Maryâ€™s Sunshine Pool Incorporated is a merchandising firm that sells various pool
supplies, e.g., chemicals, diving boards, pumps, ladders, poolside furniture, pool games, floating
loungers. At present, Maryâ€™s Sunshine has a manual accounting system; however, the company
has hired you to implement an accounting program to be used on a personal computer as of July
1, the beginning of the current fiscal year. Mary and Ed, the stockowners of the company, have
made available to you the balance sheet and data from the subsidiary ledgers for the fiscal year
ended June 30.
As of June 30, Maryâ€™s Sunshine Pool Company consisted of a showroom and an office in
one building, a distribution center in another building, and five employees. The employees are:
Lauren Allen, a salesperson at the showroom, Paul Barton and Ernest Callahan, traveling
salesmen, and Fred and Ted Hill, Mary and Edâ€™s twin sons who work at the distribution center
only during the summer months.
Maryâ€™s Sunshine Pool Incorporated owns the land, the showroom/office building, the
distribution center building, a delivery truck and two automobiles driven by the traveling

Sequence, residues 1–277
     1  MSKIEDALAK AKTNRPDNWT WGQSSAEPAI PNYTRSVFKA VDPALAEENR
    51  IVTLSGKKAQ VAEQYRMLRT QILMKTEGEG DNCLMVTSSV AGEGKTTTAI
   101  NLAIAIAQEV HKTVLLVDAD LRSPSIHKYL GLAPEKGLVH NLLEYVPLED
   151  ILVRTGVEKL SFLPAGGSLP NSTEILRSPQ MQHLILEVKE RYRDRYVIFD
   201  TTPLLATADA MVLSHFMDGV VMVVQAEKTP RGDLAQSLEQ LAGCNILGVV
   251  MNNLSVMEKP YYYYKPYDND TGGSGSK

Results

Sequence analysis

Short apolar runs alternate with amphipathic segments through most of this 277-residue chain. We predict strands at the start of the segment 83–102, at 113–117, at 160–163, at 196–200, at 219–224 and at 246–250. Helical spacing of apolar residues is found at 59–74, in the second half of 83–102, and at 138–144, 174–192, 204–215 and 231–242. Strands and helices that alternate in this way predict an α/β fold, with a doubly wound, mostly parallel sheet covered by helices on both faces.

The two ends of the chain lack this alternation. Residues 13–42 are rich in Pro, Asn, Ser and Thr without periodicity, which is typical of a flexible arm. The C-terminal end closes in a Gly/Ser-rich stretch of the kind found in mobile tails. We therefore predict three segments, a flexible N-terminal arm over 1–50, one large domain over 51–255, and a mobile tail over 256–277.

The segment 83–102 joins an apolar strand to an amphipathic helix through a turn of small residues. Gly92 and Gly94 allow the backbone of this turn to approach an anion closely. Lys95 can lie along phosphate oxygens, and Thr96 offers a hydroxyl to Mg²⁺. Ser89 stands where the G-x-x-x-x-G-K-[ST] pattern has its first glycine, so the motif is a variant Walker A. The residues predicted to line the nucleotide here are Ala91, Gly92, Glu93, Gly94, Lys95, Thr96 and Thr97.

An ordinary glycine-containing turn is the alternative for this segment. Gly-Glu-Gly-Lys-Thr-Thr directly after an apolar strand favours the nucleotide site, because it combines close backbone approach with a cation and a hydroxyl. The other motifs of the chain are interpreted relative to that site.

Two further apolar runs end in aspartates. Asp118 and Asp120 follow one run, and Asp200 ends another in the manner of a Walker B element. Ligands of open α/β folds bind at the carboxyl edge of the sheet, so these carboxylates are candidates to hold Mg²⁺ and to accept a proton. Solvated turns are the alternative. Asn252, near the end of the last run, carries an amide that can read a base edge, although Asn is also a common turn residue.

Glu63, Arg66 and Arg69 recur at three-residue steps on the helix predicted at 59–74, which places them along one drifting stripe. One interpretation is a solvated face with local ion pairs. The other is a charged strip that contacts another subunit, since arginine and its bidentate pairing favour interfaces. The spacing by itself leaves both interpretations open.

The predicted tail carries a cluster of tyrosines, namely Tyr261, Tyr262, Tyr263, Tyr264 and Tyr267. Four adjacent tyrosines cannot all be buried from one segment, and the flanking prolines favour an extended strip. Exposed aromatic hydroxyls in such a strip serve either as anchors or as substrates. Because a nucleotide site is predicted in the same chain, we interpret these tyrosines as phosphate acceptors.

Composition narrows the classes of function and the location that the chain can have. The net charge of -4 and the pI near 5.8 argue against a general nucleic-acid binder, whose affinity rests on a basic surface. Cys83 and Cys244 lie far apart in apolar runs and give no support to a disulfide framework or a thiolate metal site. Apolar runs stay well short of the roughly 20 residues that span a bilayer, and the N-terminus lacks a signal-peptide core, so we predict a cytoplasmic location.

REVENUE TRANSACTION CYCLE
Sales are made to users of pool supplies. Pool supplies are displayed and orders for
products are taken in the showroom. The traveling salesmen also take orders. The distribution
center is located on the same lot as the showroom/office building. It is here that the orders are
filled and shipped.
All sales are credit sales, which are subject to the approval of Ed. Ed approves credit
based on his “gut” feeling for each individual case and on the opinions of his bowling buddies.
Generally, Ed wants to make the sales and few orders are not approved. In the few cases where
Ed does not approve the credit, he marks his copy of the sales order accordingly. He makes a
copy of all of the disapproved orders and two copies of the approved orders. He sends the one